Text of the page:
We also set up a couple of exercises within the first hour of the lab for people to hear more about one another’s paths to the work they currently do, not by ticking off their resumes, but by telling stories about what happened to and moved them to be where they are now. Time and again, when I facilitate this kind of exercise, it shifts the tone of the gathering in the direction of greater openness and trust. And as we touched on in our debrief of those exercises, inviting that kind of storytelling into our work can send a signal about what is validated with respect to forms of knowing, expression and parts of ourselves to bring to the table. Along these lines, we also drew from poetry and other forms of creative expression, including a stanza from a favorite William Stafford piece, “A Ritual to Read to Each Other” which, to me, gets at the heart of network building … Read More
I’ve had the pleasure of supporting some important work happening through The Nature Conservancy’s Fire Adapted Communities Learning Network. According to the FAC website, a fire adapted community “acknowledges and takes responsibility for its wildfire risk, and implements appropriate actions at all levels.” Actions in these fire-threatened communities “address resident safety, homes, neighborhoods, businesses and infrastructure, forests, parks, open spaces and other community assets.” In addition, the point is made that every community is unique in terms of circumstance and capacities, so that local action may look different from place to place.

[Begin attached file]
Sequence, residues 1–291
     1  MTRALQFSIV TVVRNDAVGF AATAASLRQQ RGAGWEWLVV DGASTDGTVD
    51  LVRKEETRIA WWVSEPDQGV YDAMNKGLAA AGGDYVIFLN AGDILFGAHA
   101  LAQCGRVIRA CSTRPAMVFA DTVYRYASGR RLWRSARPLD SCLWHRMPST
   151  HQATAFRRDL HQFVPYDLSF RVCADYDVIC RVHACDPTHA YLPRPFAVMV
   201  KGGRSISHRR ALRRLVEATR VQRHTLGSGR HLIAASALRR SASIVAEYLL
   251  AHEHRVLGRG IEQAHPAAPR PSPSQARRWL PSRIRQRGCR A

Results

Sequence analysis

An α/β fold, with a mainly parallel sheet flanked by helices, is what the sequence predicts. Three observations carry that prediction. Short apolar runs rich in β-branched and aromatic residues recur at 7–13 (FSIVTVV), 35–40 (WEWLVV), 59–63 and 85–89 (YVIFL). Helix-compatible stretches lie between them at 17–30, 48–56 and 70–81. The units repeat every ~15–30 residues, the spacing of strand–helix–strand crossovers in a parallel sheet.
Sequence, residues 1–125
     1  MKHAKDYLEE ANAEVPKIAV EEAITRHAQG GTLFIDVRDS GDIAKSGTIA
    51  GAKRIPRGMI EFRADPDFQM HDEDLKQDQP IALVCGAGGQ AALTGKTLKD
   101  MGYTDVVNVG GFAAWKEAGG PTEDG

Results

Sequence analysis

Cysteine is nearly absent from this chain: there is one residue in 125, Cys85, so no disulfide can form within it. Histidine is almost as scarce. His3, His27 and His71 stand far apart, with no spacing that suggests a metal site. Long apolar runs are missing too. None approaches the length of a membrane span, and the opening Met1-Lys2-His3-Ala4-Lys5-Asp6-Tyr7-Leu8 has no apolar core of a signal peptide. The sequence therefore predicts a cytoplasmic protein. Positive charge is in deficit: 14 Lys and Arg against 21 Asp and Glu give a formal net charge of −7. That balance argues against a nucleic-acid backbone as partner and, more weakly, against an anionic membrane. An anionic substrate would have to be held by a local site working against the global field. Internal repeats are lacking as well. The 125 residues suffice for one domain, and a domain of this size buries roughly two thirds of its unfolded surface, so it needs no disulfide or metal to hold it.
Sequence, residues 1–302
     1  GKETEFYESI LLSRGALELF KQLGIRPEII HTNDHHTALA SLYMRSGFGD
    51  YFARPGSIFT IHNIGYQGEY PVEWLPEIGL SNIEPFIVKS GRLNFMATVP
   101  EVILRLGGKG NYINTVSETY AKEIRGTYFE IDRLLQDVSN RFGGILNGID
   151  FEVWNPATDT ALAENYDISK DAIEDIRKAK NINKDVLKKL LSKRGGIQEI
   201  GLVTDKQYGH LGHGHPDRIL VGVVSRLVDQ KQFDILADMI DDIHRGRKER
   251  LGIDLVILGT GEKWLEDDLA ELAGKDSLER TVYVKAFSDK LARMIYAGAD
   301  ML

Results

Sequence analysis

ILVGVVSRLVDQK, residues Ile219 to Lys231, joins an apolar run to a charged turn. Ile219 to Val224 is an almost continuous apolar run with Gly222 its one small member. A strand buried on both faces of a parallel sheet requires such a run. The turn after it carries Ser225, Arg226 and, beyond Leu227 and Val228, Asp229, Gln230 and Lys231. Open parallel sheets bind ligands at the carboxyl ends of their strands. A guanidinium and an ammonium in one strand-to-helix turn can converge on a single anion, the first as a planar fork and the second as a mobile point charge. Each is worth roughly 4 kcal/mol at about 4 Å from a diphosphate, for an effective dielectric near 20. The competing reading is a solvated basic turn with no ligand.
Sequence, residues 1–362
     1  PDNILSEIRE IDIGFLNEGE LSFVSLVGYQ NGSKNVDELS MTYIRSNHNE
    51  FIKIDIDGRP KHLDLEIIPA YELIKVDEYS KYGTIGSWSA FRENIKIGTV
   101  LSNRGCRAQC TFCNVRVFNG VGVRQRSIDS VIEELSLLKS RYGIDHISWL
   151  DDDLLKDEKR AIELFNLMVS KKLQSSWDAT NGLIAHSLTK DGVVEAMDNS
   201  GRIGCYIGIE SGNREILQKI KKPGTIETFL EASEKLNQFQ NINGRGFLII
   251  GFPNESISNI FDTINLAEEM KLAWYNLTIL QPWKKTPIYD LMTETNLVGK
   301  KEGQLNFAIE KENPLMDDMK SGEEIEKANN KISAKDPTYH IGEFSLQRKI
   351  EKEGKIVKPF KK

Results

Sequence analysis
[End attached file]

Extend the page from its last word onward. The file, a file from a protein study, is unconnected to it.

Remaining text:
While there may be differences from community to community in the FAC network, it is also united by a common belief that there is need for more of the right kinds of fire that support the regenerative capacity of ecosystems. As I’ve learned from members of these communities, “cool fires” can be used to help build resilience into forests, feeding and encouraging new growth and diversity.This is actually a practice that goes back a long ways in indigenous communities, which used “prescribed burns” to support the long-term health of the forested landscape, to enrich soil, clear pathways for fauna and support biodiversity, which supported the health of their own communities. However, many of these practices were outlawed and the result of the newer management practices was a drop in health of the forests and a rise in vulnerability of those living in or near them. As one person in the network recently put it, they are now trying to “reclaim” fire and “give fire back to people.”Read More